1. The plaintiff is the appellant. His filed a suit for specific performance of an agreement of sale Ex, A-1 executed by the 1st defendant on behalf of himself and the 2nd defendant on 24-4-1960 agreeing to sell a house site in Kavali. He paid Rs. 50/- on the date of execution of the agreement and he avers that he paid a further sum of Rs. 1500/- on 14-10-1960 receiving which the defendants put him in possession of the suit site. He says that he has been ready and willing to perform his part of the contract and called upon the defendants by a notice dated 10-10-1961 (Ex. A-13) to execute a sale deed after receiving the balance of the purchase money. 2nd defendant however sole the suit site to 3rd defendant under Ex. B-9 dated 14-11-1963 and the 3rd defendant in turn sold the same to 4th defendant under Ex. B-6 dated 21-5-62 (sic) 4th defendant also alienated the site in favour of 5th defendant under Ex.B-7 dated 27-9-1963. The 5th defendant trespassed on the land on 11-11-1963. The plaintiff has therefore filed the suit for specific performance and recovery of possession of the suit site. While the second defendant remained ex parte, 1st defendant pleaded that time was the essence of the contract and the plaintiff recessed the contract and that he therefore sold it to the 3rd defendant. Defendants 3 to 5 claimed to be bona fide purchasers for value without notice of the agreement of sale in favour of the plaintiff and prayed for the dismissal of the suit.
2. The trial Court, on a review of the evidence, found that time was not the essence of the contract that there was no rescission of the contract by the plaintiff, that defendants 3 to 5 re not bona fide purchasers for value, that plaintiff was put in possession of the suit site in pursuance of the agreement and that he was also ready and willing to perform his part of the contract. But it held that the plaintiff did not pay Rs. 1500/- on 14-10-1960 as pleaded by him. In view of the above finding, the plaintiff's suit was decreed subject to the condition that he paid not only the balance of the consideration but also Rs.1500/-. Defendants 3 to 5 preferred an appeal as also the plaintiff. Both the appeals were disposed of by a common judgment. During the pendency of the appeal the 5th defendant dies and defendants 6 to 8 were brought on record as L.Rs The Lower appellate Court agreed with the finding of the trial court that the plaintiff did not pay Rs.1500/-. It also found, disagreeing with the trial court that the plaintiff was not willing to perform his part of the contract on and form October, 1961. In that view, it allowed the appeal preferred by defendants 3 to 5 and dismissed the plaintiff's appeal.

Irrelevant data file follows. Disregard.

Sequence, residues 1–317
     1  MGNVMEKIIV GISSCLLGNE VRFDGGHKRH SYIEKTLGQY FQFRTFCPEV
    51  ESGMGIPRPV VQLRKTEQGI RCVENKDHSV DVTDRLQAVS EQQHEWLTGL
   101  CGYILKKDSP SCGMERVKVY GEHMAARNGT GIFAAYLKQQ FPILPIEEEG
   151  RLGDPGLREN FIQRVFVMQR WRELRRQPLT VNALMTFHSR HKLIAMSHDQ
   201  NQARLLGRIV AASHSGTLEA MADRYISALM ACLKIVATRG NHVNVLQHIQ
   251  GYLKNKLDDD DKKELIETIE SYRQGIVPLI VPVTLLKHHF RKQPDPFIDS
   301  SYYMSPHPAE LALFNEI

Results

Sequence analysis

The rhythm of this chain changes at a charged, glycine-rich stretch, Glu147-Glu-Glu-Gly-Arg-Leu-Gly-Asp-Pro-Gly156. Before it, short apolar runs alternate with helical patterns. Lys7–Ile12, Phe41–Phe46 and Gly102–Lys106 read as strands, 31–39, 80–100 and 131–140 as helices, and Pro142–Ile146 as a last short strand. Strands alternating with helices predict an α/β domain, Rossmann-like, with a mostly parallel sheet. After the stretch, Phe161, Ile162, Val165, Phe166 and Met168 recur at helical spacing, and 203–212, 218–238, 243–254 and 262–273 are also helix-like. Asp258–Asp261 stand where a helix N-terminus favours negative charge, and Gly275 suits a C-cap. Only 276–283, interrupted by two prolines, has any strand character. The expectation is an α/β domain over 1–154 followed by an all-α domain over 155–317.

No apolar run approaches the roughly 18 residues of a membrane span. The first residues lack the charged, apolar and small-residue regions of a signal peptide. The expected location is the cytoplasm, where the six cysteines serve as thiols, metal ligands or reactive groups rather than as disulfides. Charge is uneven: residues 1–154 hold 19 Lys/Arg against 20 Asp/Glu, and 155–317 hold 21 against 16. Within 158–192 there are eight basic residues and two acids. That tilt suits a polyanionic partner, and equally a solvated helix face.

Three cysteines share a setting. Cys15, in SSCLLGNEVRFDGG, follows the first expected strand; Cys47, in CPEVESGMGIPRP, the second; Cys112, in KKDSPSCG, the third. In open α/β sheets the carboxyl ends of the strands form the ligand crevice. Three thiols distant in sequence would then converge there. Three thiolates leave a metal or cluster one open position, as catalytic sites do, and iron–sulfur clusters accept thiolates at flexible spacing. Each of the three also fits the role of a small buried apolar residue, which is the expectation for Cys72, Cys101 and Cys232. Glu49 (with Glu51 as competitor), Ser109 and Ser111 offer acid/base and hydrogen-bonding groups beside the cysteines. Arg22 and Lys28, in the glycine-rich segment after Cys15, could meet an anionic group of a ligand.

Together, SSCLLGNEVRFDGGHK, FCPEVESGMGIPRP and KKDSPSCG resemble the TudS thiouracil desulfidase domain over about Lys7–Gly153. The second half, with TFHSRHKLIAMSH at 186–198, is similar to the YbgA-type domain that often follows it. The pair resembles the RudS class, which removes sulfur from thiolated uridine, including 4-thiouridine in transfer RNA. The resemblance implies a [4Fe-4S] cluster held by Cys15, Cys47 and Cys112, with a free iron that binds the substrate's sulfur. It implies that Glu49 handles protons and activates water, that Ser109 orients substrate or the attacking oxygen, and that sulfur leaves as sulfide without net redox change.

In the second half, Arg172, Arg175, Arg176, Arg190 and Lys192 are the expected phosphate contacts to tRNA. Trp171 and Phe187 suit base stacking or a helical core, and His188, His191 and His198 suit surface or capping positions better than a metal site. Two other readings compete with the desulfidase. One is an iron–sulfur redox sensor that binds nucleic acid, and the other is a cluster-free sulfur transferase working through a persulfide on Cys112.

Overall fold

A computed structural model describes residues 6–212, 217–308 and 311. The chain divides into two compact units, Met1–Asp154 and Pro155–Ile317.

3. The plaintiff in the appeal contends that the finding of the lower court that the plaintiff was not ready and willing to perform his part of the contract on and form October, 1961 is perverse, In fact he had given a notice, Ex. A-13 dated 10-10-1961 expressing his readiness and willingness to perform his pat of the contract to which defendants did not choose to reply. The mere fact that he had withdrawn a sum of Rs.1400/- from the bank and that his time of the institution of the suit does not warrant the conclusion that he was not willing to perform his part of the contract. It is not necessary to go into this question in view of my finding on the other grounds on which the decree of dismissal of the suit rests.
4. The plaintiff had averred in the plaint that he had paid a sum of Rs.1500/- on 14-10-1960 and has stated in para 8 of the plaint that
'the plaintiff has still to pay the 1st defendant Rs,14-10-50 after deducting the sum of Rs.1500/- already paid to him. The plaintiff us ready to pay that amount and bear half of the stamp and registration expenses for the execution of the sale deed.'